Encouragement of small business and agriculture are among the keys to restoring economic growth in upstate New York, U.S. Rep. Scott Murphy said Monday.
Development of domestic energy sources, investment in infrastructure and focusing education on math and science were other parts of a Blueprint for Economic Growth that Murphy released at an Economic Action Summit his staff organized.
“I feel government can be part of the solution, sometimes, and sometimes government needs to get out of the way of small business,” Murphy told the audience.
The summit held at the Saratoga Hilton drew about 300 participants, ranging from local elected officials and school superintendents to the volunteer firefighters who will face new demands as the economy grows.
Murphy, D-Glens Falls, laid out some of his own ideas — like universal broadband Internet access — and then a variety of experts in fields ranging from alternative energy technology to transportation infrastructure planning spoke at smaller workshops.
Murphy, who was a venture capitalist and small businessman before winning a special election for the 20th Congressional District seat almost a year ago, said finding ways of encouraging private business investment is crucial to the future — and his interest in economic development is what got him into government.
“Where we always see job growth is from innovation. It’s private businesses that create growth for the long run,” the congressman said.
The 20th Congressional District is a mostly rural district that stretches from Lake Placid to Dutchess County, including most of Saratoga County, where one of the world’s biggest new investments — the GlobalFoundries computer chip plant — is being built.
Landing that $4.2 billion chip facility required years of planning and preparation, including actual construction of infrastructure like new water and sewer lines, said Dennis Brobston, president of the Saratoga Economic Development Corp.
“When we talk about being prepared, it’s going all the way, not just talking about it,” Brobston said.
Michael Russo, director of government relations for GlobalFoundries, said the semiconductor industry should have a major impact on the Capital Region, but he cautioned against expecting GlobalFoundries alone to be transforming.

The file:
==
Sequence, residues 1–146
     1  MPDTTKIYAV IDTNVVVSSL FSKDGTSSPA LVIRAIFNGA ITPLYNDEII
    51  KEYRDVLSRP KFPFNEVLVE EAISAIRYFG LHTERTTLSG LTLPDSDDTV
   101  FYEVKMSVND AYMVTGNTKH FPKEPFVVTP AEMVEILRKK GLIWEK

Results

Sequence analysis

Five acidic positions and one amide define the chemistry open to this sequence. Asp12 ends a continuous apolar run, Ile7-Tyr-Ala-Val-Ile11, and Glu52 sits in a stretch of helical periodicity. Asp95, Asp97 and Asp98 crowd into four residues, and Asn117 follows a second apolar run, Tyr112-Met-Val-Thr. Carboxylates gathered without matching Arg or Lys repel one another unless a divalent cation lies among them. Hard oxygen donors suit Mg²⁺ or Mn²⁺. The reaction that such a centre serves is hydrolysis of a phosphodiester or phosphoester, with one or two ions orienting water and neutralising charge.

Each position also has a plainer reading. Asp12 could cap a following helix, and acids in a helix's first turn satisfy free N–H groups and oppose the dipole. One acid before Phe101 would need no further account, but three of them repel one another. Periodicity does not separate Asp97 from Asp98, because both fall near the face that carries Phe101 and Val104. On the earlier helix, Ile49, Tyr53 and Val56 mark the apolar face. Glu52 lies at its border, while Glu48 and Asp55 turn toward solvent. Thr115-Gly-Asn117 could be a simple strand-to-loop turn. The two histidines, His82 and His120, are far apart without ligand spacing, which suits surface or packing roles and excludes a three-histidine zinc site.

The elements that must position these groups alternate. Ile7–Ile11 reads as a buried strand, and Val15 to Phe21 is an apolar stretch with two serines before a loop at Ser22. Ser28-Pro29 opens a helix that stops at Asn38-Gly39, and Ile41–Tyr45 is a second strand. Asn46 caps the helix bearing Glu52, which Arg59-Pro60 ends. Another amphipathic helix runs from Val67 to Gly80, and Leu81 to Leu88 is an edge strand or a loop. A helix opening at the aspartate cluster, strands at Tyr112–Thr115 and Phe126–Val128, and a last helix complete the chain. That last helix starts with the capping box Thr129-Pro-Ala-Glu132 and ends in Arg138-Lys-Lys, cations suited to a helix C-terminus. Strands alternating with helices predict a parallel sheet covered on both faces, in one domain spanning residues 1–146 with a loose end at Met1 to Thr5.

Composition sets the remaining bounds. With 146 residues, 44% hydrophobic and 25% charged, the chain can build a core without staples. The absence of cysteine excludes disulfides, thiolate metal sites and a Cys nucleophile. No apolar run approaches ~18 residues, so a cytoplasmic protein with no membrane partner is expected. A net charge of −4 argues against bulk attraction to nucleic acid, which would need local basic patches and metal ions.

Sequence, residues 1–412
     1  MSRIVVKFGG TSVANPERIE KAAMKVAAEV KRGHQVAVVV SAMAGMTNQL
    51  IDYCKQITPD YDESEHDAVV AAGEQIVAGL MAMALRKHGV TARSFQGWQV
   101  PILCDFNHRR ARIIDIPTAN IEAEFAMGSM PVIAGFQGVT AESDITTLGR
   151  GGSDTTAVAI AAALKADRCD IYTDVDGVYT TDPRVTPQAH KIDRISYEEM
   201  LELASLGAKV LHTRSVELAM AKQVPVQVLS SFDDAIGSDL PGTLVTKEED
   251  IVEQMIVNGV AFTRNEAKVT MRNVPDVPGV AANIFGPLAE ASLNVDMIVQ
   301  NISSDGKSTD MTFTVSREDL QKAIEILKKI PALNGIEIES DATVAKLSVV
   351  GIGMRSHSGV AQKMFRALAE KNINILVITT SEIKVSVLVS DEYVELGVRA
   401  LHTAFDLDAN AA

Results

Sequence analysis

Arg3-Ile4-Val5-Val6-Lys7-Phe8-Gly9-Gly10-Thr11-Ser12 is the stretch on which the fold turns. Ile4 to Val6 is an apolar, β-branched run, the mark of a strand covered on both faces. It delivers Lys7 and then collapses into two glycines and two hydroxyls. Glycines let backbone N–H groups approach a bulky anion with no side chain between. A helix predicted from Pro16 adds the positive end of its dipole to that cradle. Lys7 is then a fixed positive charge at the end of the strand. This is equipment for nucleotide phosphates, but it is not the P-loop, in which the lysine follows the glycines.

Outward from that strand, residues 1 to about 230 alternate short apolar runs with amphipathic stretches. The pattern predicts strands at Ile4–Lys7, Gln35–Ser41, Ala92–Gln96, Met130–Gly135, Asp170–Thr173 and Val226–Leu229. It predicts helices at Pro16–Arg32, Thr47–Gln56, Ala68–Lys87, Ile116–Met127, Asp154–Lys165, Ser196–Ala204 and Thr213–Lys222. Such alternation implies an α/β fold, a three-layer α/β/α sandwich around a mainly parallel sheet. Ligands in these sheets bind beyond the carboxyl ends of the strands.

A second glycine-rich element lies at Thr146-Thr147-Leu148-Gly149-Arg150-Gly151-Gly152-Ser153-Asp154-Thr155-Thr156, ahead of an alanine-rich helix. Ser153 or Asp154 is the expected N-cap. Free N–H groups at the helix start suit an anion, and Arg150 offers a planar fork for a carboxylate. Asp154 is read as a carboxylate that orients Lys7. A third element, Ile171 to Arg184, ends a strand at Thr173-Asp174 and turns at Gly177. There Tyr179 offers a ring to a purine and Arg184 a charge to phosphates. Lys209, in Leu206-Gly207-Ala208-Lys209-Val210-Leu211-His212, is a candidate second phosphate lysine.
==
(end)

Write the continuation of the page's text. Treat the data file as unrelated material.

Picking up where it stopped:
“When you set regional expectations on just one business, that’s not a good thing,” Russo said.
The GlobalFoundries plant is now under construction in Malta, expected to employ 1,400 people permanently when it opens in 2012, and to create as many as 5,000 jobs in support industries.
Those other industries will have a major impact, he said.
“As the clustering effect takes hold, there will be a lot of other businesses locating to this area, or if they’re already here, they will boom,” Russo said.
Robert Hansen, acting regional planning and program manager for the state Department of Transportation, spoke on unmet highway infrastructure needs.
He said the federal government isn’t yet facing up to the cost of replacing aging transportation infrastructure, including the 50-year-old interstate highway system.
“The bump [in transportation investment] we had in the 1960s is now waiting to be replaced,” Hansen said. “Many rural areas will never see a replacement highway, at least unless a lot more money comes in.”
There is currently no long-term federal transportation funding bill, he noted. The previous funding bill expired last fall, and Congress has yet to enact a new bill, though it has passed short-term extensions.
Murphy referenced making repairs to roads and bridges in his infrastructure position paper, but he spoke enthusiastically for expanding rural broadband computer network access. He and U.S. Sen. Kirstin Gillibrand, D-N.Y., have proposed a federal Office of Rural Broadband Initiatives, to get high-speed data access into even the most rural communities.
Murphy cited the case of a Washington County goat dairy that had to drop out of a national food product catalog because it couldn’t process the number of Internet orders it was receiving, because it lacked broadband.
“I see these problems every day in talking to businesses and people in the district,” Murphy said.
The congressman also said that decreasing the reliance on imported oil has to be a national priority. In addition to using more alternative energy technologies, he said the solutions have to include natural gas drawn from the Marcellus shale, and nuclear power.
“Both are technologies we have to be careful to use safely,” Murphy said. “Energy independence is a critical issue for us in the future.”
The Marcellus shale formation, which extends under the Appalachian Mountains, including large parts of New York, contains large volumes of natural gas deep underground.
Energy companies say it can be extracted safely, but critics fear it cannot be pumped out without causing groundwater contamination and other environmental problems.
As the summit wound down, Murphy said he hopes some of its value comes from people meeting and talking with each other.
“I’m hoping people are networking and getting good ideas from other people,” he said.